A would-be writer’s painful journey toward self-understanding, as seen in this thickly plotted fourth novel from veteran Thompson (Wide Blue Yonder, 2002, etc.).
The primary viewpoint character is Jack Orlovich, a Californian-born Northwestern University student who’s smitten with forthright beauty Chloe Chase (whom he encounters in a poetry-writing class), marries her on the rebound from their tense subsequent meetings, and settles down with in Chicago, as a sometimes-employed househusband, while Chloe supports them as a junior bank executive. Fissures in their marriage’s surface emerge, then gradually widen. Chloe’s binge drinking leads her to blame Jack’s failure to be breadwinner. Complaining about loud music played by their scruffy upstairs neighbor Rich Brezak (“Hippie Pothead Rasta Boy”) brings Jack into unplanned intimacy with Brezak’s female ménage—notably, a sexually inviting crippled girl called Ivory. The moribund loneliness of their apartment building’s other tenants clutches at them like a communicable disease. Meanwhile, the issue of starting a family pushes Chloe and Jack nearer the edge; a visit from her ebullient parents climaxes at a Cubs’ game where Jack tangles with a drunken fan; and exploding fireworks during a rooftop July 4th celebration maim and disfigure another of Rich’s girls. Thompson subtly communicates Jack’s unvoiced fear that the perpetually stoned, reckless Brezak is what he himself may become—an insight borne out by the long, packed climax, in which infidelity, unwanted pregnancy, violent death, recriminations, and partings fold in on one another with the accelerating force of a sentence of doom. It’s all rather too much—though there’s a whiff of real tragic power in Jack’s tardy realization that “Chloe was what he’d had inside him . . . . Now he would be like anyone else, shrunk down to normal.”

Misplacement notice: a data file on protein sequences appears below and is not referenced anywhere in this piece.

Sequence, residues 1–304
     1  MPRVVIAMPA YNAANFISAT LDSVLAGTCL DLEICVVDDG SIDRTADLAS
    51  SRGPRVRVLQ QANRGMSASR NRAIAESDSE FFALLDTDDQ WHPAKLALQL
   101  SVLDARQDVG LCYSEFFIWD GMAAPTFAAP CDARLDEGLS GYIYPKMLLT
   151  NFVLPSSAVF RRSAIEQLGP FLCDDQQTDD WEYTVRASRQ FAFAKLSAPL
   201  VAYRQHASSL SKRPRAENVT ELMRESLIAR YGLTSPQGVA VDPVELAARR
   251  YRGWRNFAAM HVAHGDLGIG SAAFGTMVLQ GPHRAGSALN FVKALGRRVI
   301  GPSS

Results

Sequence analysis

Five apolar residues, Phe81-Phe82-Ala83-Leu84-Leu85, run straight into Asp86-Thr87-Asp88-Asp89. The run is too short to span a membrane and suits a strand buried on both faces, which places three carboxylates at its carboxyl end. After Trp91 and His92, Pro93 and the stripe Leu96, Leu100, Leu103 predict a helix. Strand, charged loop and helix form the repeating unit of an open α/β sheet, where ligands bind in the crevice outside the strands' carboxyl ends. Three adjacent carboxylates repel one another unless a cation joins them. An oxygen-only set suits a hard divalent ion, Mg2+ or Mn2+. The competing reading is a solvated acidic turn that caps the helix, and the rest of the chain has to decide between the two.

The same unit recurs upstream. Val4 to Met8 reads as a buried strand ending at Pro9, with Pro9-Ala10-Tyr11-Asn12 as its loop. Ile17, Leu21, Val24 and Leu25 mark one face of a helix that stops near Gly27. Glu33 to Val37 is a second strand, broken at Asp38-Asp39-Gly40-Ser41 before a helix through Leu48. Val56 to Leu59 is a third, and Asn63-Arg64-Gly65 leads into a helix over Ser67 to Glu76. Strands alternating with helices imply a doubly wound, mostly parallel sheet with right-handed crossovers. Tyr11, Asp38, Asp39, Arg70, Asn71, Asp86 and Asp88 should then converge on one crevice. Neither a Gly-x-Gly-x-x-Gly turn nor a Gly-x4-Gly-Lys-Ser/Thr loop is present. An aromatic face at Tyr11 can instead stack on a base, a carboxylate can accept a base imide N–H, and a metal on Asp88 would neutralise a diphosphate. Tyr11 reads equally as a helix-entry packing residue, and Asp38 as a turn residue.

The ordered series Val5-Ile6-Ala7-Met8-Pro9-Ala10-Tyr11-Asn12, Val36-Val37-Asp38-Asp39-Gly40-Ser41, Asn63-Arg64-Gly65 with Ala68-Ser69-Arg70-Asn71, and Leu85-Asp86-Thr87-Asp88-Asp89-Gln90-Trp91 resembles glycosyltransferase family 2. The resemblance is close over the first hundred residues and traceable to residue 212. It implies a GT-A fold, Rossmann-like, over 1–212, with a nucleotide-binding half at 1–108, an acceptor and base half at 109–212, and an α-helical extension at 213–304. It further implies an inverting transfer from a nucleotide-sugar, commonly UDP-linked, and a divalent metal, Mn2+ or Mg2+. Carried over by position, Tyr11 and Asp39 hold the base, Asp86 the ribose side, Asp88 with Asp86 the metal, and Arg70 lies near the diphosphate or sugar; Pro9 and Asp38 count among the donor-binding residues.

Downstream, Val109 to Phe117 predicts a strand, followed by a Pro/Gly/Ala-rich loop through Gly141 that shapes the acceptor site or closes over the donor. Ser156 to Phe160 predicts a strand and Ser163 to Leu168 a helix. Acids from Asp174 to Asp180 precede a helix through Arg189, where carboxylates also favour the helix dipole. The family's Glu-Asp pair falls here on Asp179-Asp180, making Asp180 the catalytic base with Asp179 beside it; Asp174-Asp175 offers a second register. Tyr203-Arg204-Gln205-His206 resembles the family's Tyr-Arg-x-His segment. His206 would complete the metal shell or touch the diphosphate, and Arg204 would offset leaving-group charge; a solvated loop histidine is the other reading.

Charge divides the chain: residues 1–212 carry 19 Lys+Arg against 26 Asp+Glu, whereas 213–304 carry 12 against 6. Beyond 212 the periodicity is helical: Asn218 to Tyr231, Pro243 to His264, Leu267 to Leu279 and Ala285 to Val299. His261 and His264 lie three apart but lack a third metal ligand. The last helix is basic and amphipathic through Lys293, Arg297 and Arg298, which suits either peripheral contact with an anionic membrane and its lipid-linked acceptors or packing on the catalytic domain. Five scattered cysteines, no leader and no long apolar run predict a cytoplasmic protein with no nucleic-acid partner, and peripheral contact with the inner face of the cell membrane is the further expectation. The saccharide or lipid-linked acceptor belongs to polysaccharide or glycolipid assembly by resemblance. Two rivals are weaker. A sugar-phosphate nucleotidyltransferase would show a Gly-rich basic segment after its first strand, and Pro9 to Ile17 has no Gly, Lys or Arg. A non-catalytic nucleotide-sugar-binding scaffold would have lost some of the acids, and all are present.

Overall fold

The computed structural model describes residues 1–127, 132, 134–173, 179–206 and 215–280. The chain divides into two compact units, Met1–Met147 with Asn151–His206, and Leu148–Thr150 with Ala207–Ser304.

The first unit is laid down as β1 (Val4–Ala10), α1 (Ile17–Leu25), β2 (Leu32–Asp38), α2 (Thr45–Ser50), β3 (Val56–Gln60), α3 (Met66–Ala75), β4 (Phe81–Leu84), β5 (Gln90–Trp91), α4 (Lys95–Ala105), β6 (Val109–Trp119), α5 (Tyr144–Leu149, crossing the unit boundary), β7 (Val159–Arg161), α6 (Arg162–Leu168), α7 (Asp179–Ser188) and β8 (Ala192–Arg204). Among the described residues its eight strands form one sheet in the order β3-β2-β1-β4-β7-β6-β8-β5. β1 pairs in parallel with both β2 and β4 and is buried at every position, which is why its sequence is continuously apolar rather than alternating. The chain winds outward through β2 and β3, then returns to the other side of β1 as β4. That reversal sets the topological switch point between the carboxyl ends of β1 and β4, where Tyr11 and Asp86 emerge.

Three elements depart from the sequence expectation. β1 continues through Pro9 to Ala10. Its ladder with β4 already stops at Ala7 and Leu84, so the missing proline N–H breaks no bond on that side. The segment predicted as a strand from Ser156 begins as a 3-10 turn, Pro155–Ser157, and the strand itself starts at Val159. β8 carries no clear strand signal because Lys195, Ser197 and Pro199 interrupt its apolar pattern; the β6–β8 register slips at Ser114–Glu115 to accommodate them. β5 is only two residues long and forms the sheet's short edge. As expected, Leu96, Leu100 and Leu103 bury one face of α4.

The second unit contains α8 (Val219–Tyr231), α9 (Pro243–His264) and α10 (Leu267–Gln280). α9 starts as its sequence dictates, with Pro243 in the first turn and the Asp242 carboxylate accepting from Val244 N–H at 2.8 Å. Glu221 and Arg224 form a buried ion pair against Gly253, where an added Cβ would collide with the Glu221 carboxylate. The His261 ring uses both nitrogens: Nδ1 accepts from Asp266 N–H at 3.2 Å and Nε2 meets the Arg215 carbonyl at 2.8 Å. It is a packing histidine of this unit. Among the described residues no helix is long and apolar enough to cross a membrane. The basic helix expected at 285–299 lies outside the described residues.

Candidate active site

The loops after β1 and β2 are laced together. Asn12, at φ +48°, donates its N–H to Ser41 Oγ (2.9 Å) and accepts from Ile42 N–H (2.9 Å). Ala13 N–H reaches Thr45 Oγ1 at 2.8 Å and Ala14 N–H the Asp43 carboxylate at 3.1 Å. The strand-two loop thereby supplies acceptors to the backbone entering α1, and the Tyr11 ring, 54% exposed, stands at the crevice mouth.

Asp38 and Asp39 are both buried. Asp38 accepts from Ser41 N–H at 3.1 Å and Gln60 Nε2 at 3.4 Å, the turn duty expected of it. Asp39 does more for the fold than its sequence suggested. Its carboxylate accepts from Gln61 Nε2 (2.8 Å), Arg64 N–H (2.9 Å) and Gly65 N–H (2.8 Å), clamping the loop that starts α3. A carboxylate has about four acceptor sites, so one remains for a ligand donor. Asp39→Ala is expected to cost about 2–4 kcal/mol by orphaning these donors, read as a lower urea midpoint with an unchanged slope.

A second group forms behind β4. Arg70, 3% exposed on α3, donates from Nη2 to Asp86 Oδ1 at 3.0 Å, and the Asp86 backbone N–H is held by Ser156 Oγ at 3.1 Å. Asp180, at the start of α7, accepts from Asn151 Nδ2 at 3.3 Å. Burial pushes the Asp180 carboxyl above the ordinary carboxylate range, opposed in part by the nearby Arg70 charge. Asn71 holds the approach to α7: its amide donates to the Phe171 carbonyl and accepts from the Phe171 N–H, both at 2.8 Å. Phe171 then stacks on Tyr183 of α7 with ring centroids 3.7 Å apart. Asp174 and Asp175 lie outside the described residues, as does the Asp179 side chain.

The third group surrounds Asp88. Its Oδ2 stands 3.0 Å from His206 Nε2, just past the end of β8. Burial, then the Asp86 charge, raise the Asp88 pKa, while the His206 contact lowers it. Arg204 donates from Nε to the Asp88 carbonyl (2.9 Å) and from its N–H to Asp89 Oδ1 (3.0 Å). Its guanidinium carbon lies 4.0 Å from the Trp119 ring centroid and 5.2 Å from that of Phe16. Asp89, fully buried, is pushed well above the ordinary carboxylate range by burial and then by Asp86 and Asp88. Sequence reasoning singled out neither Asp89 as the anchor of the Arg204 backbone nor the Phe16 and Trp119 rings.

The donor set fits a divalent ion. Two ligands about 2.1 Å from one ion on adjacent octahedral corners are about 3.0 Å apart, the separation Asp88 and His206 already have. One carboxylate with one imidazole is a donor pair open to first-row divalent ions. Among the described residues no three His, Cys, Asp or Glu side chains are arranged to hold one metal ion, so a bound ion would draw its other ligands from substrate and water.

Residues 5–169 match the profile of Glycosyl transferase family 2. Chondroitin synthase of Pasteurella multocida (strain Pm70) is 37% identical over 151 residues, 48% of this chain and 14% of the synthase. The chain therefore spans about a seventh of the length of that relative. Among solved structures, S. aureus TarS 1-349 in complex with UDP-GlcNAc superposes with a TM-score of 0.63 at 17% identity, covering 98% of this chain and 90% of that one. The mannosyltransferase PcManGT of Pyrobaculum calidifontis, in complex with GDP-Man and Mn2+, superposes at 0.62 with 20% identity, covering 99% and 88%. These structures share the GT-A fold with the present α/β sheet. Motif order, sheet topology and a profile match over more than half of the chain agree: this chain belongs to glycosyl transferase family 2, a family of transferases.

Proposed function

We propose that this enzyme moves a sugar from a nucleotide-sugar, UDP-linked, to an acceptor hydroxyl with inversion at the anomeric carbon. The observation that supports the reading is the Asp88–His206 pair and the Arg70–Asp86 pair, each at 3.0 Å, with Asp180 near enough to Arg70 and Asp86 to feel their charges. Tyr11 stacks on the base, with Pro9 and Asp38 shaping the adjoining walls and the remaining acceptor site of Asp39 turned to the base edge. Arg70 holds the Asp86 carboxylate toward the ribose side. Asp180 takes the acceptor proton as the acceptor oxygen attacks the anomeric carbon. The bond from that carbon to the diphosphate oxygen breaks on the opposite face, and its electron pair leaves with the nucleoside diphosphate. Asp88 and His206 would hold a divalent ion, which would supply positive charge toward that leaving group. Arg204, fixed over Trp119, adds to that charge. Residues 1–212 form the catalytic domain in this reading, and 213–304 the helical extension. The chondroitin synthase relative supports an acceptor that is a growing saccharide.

An overfamiliar tale, redeemed considerably by solid writing and sobering empathy.